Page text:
Selection into Online Community College Courses and Their Effects on Persistence
Online courses at the college level are growing in popularity, and nearly all community colleges offer online courses (Allen and Seaman in Tracking online education in the United States, Babson Survey Research Group, Babson Park, 2015). What is the effect of the expanded availability of online curricula on persistence in the field and towards a degree? We use a model of self-selection to estimate the effect of taking an online course, using region and time variation in Internet service as a source of identifying variation. Our method, as opposed to standard experimental methods, allows us to consider the effect among students who actually choose to take such courses. For the average person, taking an online course has a negative effect on the probability of taking another course in the same field and on the probability of earning a degree. The negative effect on graduation for students who choose to take an online course is stronger than the negative effect for the average student. Community colleges must balance these results against the attractive features of online courses, and institutions may want to consider actively targeting online courses toward those most likely to do well in them.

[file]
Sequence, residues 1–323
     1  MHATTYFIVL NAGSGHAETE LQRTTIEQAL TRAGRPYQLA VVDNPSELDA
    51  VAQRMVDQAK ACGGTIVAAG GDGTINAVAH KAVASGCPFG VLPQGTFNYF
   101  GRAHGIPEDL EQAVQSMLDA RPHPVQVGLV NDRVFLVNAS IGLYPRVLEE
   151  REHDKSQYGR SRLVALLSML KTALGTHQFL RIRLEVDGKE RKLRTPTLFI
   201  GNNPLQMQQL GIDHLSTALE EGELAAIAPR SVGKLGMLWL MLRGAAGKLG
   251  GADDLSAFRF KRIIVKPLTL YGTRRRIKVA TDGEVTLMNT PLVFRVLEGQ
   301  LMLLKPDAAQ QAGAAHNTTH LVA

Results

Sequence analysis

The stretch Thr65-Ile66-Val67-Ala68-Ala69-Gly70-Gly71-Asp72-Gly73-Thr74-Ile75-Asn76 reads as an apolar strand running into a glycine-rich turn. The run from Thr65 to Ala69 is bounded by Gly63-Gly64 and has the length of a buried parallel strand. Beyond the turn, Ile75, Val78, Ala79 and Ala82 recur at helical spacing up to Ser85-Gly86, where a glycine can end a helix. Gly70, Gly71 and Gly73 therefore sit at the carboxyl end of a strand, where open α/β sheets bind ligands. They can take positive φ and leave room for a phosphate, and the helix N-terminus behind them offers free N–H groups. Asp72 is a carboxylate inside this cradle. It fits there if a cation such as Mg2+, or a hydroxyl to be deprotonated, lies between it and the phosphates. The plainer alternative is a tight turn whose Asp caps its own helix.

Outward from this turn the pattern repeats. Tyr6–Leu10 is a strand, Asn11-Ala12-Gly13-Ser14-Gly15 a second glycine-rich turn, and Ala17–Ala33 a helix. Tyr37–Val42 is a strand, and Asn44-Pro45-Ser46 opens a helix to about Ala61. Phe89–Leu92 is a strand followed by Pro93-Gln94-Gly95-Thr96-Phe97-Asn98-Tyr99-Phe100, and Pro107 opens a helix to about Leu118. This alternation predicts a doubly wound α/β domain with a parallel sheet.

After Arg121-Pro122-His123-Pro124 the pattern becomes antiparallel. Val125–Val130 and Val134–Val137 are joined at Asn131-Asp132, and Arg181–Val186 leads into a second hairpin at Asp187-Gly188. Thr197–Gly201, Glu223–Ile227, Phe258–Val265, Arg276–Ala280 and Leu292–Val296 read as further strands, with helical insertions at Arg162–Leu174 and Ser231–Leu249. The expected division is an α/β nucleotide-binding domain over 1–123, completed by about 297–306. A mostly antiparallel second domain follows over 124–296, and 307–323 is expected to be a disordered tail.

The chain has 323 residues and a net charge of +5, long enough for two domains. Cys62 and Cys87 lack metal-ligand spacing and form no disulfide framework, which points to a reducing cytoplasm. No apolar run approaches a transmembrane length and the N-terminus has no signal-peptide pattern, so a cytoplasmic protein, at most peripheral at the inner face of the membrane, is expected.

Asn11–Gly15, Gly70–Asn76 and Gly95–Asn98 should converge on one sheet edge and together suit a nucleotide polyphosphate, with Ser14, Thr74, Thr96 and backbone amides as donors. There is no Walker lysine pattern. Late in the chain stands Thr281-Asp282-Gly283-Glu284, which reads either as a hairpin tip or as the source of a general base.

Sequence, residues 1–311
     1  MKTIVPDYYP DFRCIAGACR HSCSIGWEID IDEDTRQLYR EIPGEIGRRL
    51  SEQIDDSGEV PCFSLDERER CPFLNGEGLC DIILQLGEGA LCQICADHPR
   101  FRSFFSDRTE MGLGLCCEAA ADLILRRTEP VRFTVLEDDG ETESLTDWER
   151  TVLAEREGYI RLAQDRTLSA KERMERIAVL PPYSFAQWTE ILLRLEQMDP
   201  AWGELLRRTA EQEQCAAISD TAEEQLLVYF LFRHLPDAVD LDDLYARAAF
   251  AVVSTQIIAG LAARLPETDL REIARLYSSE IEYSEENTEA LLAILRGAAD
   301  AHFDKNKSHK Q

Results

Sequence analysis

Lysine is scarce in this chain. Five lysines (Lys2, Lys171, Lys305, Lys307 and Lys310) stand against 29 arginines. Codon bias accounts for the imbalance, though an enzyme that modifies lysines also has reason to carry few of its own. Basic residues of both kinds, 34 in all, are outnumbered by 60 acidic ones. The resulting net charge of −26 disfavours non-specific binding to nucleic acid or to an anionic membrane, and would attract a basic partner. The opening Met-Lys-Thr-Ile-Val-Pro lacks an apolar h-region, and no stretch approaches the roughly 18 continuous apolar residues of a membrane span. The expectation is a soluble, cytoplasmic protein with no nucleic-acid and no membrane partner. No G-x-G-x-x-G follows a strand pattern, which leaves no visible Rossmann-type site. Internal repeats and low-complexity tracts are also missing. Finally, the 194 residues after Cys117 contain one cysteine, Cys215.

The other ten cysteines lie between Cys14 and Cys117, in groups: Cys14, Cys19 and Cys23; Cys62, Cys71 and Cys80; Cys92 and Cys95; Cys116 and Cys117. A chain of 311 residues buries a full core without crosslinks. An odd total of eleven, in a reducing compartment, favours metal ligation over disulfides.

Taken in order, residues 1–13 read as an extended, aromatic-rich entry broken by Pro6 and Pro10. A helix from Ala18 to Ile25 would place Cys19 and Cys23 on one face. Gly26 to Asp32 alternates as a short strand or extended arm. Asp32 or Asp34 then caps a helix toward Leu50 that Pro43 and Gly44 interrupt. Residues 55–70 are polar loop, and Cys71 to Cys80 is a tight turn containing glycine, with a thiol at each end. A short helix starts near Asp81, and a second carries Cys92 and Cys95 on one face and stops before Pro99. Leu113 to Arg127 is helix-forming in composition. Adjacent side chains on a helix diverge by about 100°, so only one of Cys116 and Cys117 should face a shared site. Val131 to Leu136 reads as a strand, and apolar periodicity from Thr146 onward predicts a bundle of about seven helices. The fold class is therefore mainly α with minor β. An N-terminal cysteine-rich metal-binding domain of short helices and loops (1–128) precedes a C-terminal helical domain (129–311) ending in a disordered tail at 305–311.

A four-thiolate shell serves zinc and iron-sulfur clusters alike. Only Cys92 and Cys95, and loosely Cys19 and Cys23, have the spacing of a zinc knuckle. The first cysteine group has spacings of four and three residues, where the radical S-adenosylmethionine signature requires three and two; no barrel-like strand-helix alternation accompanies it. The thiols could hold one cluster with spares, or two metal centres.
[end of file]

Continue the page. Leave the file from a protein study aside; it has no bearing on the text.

KeywordsCommunity college Online education Distance learning Quasi experiment
We thank the State of Washington’s Education Research and Data Center for access to data. This paper is part of the Postsecondary Education and Labor Market Program at the Center for the Analysis of Longitudinal Data in Education Research (CALDER) at AIR. This research was supported by the CALDER postsecondary initiative, funded through grants provided by the Bill and Melinda Gates Foundation and an anonymous foundation to the American Institutes of Research.
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